During the ecumenical Council of Trent, nudity in religious art was condemned.  In 1564, after Michelangelo’s death, the genitalia referred to as ‘objectionable’ in The Last Judgment were painted over with drapery, which is how the painting has been viewed to this day.

Getting to the Sistine Chapel involves strolling through extensive galleries and museums.  You will begin to appreciate the vast treasures of The Vatican when you join our walk in this short video.

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10 comments on “Our Tour of The Vatican

  1. reocochran says:

    You offer us profound thoughts that accompany magnificent photographs. The actual places you are seeing, cannot be totally depicted in all honesty, as you mentioned, through pictures or even videos. Your sharing your feelings of the awesomeness, those are helpful. Sitting for a half hour to study what a long journey took you to view, over oceans and miles. Yes, well worth it! I loved the Sistine Chapel and the history of how it was painted. I did not know that M. had so many assistants and enjoyed reading of the details of the tedious job of mixing paint and plaster, etc. I enjoyed the painting of the Last Judgment, too. You have enlightened me, along with giving me more art for this week to ponder! Thanks, Mike! Hugs, Robin

    • Mike Lince says:

      I had to wait a day and a half during our travel from Rome to Barcelona to respond, and it was worth the wait. Your comments are always a fine reward. We spent a whole week in Rome, and I will say The Vatican tops everything we saw during our visit. Thank you for sharing your comments, Robin. – Mike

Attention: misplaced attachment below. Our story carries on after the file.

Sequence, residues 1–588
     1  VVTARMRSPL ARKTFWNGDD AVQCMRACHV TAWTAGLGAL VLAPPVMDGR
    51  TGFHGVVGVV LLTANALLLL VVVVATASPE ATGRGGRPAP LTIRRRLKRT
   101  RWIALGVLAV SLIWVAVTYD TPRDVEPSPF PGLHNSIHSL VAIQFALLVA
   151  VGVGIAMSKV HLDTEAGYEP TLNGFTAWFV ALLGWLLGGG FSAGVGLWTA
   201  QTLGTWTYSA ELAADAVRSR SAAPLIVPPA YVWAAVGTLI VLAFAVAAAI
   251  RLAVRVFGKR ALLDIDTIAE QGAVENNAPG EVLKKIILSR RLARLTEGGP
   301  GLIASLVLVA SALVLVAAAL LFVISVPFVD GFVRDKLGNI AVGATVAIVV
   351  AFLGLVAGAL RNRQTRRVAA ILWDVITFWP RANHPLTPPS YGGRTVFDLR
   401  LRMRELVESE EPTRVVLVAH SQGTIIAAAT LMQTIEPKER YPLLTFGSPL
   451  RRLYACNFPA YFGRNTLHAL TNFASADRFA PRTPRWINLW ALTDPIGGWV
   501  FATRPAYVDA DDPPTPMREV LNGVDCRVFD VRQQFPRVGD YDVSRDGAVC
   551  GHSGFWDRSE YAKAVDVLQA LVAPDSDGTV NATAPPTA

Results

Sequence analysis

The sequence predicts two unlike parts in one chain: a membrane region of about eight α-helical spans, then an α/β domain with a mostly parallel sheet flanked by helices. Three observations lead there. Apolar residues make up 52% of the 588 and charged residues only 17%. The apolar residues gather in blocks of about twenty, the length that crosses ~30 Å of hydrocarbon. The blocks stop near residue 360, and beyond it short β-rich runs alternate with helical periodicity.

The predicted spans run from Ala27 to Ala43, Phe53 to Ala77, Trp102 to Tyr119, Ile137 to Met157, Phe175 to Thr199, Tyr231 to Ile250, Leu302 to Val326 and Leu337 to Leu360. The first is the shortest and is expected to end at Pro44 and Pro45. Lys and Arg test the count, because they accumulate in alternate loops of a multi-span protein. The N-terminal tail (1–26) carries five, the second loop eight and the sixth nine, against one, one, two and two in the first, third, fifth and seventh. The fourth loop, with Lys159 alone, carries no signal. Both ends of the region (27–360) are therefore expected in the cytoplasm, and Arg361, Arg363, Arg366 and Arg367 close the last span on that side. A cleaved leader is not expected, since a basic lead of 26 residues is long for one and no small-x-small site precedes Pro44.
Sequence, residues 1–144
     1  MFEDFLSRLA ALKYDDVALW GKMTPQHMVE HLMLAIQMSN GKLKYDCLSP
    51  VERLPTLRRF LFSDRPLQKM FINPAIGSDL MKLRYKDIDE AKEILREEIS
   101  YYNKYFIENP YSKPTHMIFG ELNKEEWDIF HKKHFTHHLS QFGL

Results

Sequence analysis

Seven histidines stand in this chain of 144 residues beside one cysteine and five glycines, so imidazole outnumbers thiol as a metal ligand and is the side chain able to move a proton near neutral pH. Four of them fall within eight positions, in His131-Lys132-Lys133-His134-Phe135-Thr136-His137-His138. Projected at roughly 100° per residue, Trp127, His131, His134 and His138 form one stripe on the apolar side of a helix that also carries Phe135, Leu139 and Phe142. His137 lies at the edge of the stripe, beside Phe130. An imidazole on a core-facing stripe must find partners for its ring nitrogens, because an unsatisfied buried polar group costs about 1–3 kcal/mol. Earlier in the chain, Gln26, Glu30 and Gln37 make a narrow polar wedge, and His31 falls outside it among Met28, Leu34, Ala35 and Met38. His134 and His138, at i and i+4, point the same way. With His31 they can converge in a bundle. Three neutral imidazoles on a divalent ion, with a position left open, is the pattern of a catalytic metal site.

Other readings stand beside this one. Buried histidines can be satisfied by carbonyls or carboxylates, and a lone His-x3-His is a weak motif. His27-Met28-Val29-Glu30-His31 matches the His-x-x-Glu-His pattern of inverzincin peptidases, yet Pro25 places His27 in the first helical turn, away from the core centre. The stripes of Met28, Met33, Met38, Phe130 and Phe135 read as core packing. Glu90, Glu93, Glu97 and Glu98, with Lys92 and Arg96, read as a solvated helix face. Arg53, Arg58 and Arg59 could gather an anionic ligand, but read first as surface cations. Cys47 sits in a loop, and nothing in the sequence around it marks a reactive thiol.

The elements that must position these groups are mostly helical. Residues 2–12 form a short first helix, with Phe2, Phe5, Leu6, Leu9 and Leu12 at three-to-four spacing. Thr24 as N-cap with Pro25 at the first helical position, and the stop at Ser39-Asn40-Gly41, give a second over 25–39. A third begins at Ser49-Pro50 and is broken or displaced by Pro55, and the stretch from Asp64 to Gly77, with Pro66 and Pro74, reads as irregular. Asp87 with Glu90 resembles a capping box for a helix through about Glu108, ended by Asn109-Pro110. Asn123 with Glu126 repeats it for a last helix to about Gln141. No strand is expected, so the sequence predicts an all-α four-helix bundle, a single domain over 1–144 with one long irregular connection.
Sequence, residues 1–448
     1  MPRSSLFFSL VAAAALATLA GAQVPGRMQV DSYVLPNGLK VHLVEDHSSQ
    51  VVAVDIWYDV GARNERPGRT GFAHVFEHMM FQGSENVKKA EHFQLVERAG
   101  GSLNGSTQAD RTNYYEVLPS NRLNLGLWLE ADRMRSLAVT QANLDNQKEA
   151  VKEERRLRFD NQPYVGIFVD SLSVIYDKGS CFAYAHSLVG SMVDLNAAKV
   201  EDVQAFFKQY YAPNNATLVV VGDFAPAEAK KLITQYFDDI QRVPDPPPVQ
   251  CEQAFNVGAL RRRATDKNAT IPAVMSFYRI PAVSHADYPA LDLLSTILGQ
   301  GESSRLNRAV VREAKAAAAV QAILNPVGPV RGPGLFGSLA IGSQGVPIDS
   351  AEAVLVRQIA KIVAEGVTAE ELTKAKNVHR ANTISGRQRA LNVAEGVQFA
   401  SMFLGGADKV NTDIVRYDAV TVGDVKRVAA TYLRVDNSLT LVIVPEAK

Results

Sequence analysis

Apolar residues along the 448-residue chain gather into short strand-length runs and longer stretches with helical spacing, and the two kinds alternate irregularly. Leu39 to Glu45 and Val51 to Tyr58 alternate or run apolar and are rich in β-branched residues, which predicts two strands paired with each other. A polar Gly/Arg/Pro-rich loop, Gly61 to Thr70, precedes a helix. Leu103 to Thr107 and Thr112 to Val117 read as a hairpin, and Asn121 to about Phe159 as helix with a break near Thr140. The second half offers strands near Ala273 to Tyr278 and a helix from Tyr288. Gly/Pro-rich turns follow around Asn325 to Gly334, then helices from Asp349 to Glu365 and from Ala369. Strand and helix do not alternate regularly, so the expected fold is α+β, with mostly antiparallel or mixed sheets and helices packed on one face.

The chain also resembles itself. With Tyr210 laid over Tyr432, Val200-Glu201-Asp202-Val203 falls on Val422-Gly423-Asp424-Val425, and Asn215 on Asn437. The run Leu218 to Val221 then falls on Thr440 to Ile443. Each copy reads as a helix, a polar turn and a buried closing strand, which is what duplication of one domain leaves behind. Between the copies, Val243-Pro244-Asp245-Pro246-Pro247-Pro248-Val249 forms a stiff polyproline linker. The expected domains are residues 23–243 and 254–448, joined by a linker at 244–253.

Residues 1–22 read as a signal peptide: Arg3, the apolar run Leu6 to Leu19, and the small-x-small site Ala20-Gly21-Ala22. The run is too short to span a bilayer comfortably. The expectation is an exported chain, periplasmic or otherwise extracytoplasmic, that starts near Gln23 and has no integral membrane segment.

2. Oh the gall of anyone thinking that they could paint “drapes” over genitalia, that Michelangelo had painted!! I can’t imagine taking a brush to such work! This is stunning Mike. True, photos must not come close and one day I will absolutely go to see it in person! I LOVE Italy, but have not visited Rome yet. It is high on Aaron’s list, however, so one day we’ll go. 🙂

    • Mike Lince says:

      ‘The gall!’ I know! I was stunned to learn that Cesena likened the artwork to that of a bath or tavern. Like he’s an art critic? Well, he sealed his place in history when Michelangelo painted his likeness as an ass. Otherwise, who would ever have heard of Cesena? I know Italy is a place you care about, and I think of you when I view some of the sights knowing how much you would love it. I am sure you will make it one day. – Mike

      • I’ve been to Italy, and love it, but never Rome… it’s a definite destination one day! Love it. This was a fantastic taste of what’s to come! Just fabulous! Hey, and really love that Michelangelo had the good humor and bitchiness to paint Cesena as an ass. So cool!

  3. I see a business opportunity here Mike. A 12X12 in mirror with a loop attached to two corners. Put the strings over your neck, perch the mirror on your belt buckle, and look down to see the art, instead of up. Infinitely more comfortable for the neck. ~James

  4. Wow, a most fascinating and beautifully illustrated history lesson! Thanks.

  5. […] was glorious, no question.  For me, our visit to The Vatican was the greatest highlight.  I will always think of Rome as a must-see place, one that made me say […]